Memories of a countess

Foreword of Olivier Duquenne for the book "Sex, horror and Fantasy"


When the count Gyorgy Thurzo broke down the door of Csejthe castle, what he discovered froze him with horror. Elisabeth Bathory, the mistress of the house, had transformed the castle dungeons into rooms of torture. The cell walls were stained with dried blood. The soldiers gazed at the narrow stone rooms where young virgins were held prisoner. Further on through the underground passages, Thurzo and his men discovered around a dozen adolescents, still alive but almost completely drained of blood. Around fifty bodies were exhumed from under the castle and its surroundings. There is nothing fictitious about this true story; the search took place on the 29th of December 1610. Brought before a tribunal, the “Blood Countess” refused to respond, and was condemned to be entombed alive. Elisabeth Bathory had lived in the constant fear of ageing and seeing her legendary beauty fade. To maintain her youthful looks, she came up with the idea of bathing in the fresh blood of young girls. Along with the notorious Vlad the Impaler, she shares the honour of being the originators of the legend of the vampires.

I was already familiar with the artwork of Giovanni Buzi, but I have only recently begun reading his “horrorific” novellas. The story “Hybrid Insatiate” immediately made me think of the “red” countess. Elisabeth Bathory seems to me to reflect certain characteristics of the characters in Giovanni's stories. The countess is a hybrid creature. The only known painting of the Hungarian aristocratic shows a face of angelic beauty masking a demon's soul. Giovanni has revealed to me what interests him about the figure of the hybrid; its perpetual metamorphosis. The countess, that ambiguous being, half-angel, half-demon, provokes a mixture of curiosity and perverse pleasure. The theme of the “split” personality often appears in literature, but Giovanni's main inspiration comes from Edgar Allan Poe and H.P. Lovecraft. Another characteristic legitimising the relationship with Bathory is a venomous dandyism, that cyanide chic exuded by his stories. The author has confessed to me that he adores the effect of “Proust plunging into a well of horror”. That which may similarly cloud our reading is that indissociable link between sexuality and cruelty. This certainly takes us back to the “Blood Countess”, but also to the Marquis de Sade and the painter Francis Bacon. For each of them, the sexual act can not but be violent or cruel. Buzi is aware, as Bacon was, that sexual pleasure reveals our animality first and foremost, a disquieting biological force capable of corroding each of our social, cultural, religious and moral barriers. What strikes me about the artwork for this collection is the relationship with heraldic figures; perhaps an unconscious one, but often present. The numerous angels bring to mind ancient coats of arms and the carved capitals of the Romanesque churches. The relationship with mythology is also clear. Hungarian folk tales have long since transformed Elisabeth Bathory into a vampire resembling a ghoul or a witch, mythological figures which make frequent appearances in Buzi's illustrations, the witch in particular.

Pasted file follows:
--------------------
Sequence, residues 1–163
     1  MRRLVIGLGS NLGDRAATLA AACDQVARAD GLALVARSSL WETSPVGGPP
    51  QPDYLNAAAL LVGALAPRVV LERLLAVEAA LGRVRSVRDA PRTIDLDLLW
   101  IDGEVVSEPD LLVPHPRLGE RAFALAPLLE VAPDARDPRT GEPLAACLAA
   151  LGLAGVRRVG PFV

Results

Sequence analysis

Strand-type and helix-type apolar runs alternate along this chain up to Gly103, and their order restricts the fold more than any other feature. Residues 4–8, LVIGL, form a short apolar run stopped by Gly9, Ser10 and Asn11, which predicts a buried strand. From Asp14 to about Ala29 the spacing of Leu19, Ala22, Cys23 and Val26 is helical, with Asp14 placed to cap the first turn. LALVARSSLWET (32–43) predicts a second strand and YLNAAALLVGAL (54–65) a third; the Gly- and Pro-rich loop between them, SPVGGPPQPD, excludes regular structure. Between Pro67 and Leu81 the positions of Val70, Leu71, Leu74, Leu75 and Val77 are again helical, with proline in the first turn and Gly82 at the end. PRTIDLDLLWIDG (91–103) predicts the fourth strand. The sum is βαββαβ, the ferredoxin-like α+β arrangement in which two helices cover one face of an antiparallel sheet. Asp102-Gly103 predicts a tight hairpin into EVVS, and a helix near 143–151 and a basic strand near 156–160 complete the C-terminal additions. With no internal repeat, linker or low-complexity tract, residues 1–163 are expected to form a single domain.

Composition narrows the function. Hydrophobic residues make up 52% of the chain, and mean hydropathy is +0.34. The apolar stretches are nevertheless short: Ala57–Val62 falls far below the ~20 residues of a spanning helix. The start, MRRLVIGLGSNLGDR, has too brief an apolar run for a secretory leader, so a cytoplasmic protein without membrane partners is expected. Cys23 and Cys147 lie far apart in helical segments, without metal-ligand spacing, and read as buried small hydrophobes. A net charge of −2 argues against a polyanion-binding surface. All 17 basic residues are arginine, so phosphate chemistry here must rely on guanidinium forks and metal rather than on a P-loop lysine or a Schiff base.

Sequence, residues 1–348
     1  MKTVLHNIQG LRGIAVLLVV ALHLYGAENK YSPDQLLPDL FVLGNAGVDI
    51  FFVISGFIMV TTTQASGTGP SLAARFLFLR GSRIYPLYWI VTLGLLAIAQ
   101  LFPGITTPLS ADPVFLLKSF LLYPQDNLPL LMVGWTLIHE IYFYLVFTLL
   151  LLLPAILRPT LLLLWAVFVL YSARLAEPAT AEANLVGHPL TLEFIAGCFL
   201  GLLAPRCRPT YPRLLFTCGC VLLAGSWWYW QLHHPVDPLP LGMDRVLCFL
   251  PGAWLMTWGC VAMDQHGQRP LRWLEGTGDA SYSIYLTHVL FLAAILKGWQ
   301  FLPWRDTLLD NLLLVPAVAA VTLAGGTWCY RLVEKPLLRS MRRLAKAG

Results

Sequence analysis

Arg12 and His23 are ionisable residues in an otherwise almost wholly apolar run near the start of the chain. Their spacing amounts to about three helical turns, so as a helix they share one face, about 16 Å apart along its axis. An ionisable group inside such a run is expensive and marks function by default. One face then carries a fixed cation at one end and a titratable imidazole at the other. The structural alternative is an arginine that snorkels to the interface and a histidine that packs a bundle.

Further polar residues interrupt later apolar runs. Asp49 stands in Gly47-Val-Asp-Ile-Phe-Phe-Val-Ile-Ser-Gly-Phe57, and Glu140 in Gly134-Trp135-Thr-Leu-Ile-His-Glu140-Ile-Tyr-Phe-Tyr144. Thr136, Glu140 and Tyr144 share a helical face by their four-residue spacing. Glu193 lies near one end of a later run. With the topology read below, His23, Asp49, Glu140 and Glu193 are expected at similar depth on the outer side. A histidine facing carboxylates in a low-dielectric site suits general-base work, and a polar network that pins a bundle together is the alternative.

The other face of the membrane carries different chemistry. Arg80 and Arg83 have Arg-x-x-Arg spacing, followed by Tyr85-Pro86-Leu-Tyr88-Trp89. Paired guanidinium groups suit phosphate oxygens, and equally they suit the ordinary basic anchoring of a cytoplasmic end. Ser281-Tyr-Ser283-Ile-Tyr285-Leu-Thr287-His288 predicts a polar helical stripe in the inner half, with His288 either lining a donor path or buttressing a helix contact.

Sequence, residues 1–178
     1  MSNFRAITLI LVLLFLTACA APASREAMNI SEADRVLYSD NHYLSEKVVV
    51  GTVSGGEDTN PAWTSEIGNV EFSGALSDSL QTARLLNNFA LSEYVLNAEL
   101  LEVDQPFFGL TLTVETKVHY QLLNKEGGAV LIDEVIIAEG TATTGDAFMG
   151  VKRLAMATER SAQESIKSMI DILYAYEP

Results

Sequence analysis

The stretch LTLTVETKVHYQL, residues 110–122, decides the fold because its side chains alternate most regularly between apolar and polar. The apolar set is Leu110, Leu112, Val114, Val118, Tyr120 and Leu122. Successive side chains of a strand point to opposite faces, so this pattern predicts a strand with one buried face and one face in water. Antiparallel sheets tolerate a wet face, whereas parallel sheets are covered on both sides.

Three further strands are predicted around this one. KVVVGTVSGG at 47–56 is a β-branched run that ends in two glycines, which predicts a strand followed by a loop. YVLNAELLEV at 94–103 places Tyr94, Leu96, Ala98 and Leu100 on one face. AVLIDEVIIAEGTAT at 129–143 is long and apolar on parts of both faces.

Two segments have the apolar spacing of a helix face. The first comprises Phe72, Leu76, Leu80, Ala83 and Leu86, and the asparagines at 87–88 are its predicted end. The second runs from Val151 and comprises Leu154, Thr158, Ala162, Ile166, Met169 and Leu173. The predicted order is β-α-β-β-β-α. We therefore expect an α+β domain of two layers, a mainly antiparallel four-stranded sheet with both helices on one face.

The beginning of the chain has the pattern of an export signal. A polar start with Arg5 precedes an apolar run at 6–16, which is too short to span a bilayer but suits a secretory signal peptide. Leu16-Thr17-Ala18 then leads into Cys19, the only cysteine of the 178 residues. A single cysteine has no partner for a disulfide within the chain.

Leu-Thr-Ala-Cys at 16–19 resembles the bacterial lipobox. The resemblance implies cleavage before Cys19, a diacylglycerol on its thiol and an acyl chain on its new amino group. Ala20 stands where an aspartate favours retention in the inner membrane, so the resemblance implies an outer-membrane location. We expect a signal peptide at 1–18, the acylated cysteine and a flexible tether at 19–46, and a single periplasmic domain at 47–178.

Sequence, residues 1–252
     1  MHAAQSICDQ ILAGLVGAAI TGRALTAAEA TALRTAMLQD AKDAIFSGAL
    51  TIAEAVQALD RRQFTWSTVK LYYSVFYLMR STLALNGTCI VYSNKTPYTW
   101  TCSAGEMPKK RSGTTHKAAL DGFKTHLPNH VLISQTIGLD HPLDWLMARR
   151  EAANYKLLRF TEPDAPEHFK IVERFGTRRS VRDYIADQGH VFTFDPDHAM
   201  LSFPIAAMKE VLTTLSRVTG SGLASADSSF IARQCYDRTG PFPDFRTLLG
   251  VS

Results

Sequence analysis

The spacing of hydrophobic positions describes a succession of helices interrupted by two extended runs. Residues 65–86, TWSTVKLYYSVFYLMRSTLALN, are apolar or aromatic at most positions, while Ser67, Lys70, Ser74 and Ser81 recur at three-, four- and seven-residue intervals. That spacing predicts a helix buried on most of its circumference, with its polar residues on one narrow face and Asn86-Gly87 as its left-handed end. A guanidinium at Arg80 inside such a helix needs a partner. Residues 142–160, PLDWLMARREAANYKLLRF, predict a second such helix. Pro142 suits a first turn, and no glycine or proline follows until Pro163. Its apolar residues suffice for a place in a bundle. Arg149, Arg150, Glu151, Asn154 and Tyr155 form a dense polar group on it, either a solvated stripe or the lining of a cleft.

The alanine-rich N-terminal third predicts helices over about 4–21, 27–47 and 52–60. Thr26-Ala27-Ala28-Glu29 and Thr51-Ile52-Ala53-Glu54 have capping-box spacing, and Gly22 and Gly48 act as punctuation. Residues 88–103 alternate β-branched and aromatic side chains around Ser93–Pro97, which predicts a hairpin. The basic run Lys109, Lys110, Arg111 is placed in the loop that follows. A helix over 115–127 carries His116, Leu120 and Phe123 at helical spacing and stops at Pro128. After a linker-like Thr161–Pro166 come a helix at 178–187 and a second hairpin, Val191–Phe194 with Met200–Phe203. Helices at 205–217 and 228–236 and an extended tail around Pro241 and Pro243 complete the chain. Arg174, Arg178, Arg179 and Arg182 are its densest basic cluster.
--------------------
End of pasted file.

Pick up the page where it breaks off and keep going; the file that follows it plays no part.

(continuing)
The daughter of Belus, Lamia was the most gracious woman in Libya. She had many children by Jupiter, most of them killed by Hera. Overcome by madness, the monstrous Lamia began devouring human children with a voracious pleasure. Later she would be accompanied by the Empuse, a kind of succubus demon, and began copulating with adolescents, drinking their blood while they slept. In ancient Greece the lamia is represented as a winged serpent with the body of a woman or a wild beast, but the head and breasts of a young girl. Another figure which has influenced Giovanni Buzi's iconographic repertoire is that of the female demon Lilith. Like other demons of Mesopotamic origin, she is depicted is a huge variety of ways. The cabbalistic tradition had her as the wife of Samael, the angel of death. According to some accounts, God punished Samael by emasculating him, which would explain Lilith's insatiable sexual appetite, continually in search of a lover. According to different traditions, Lilith copulates with a blind dragon during periods of pestilence or famine, providing further clues in our attempt to decodify Buzi’s artwork, depicting embraces of hybrid and androgynous creatures.

Sometimes the author succeeds, in a surprising manner, in bringing together horror and fantasy, but one of the least expected figures in the book, as I am sure you will agree, is Pinocchio. And yet, here he is… Naturally the marionette evokes fetishist and sexual impulses. In Buzi’s version, needless to say, Pinocchio's nose grows for reasons very different from telling lies!

Having recalled my memories of a blood countess, a voracious Lamia and the insatiable Lilith, I will slip away and leave to whoever should read these stories and look at these illustrations the task of conjuring up whatever other spirit he knows of. 

Olivier Duquenne




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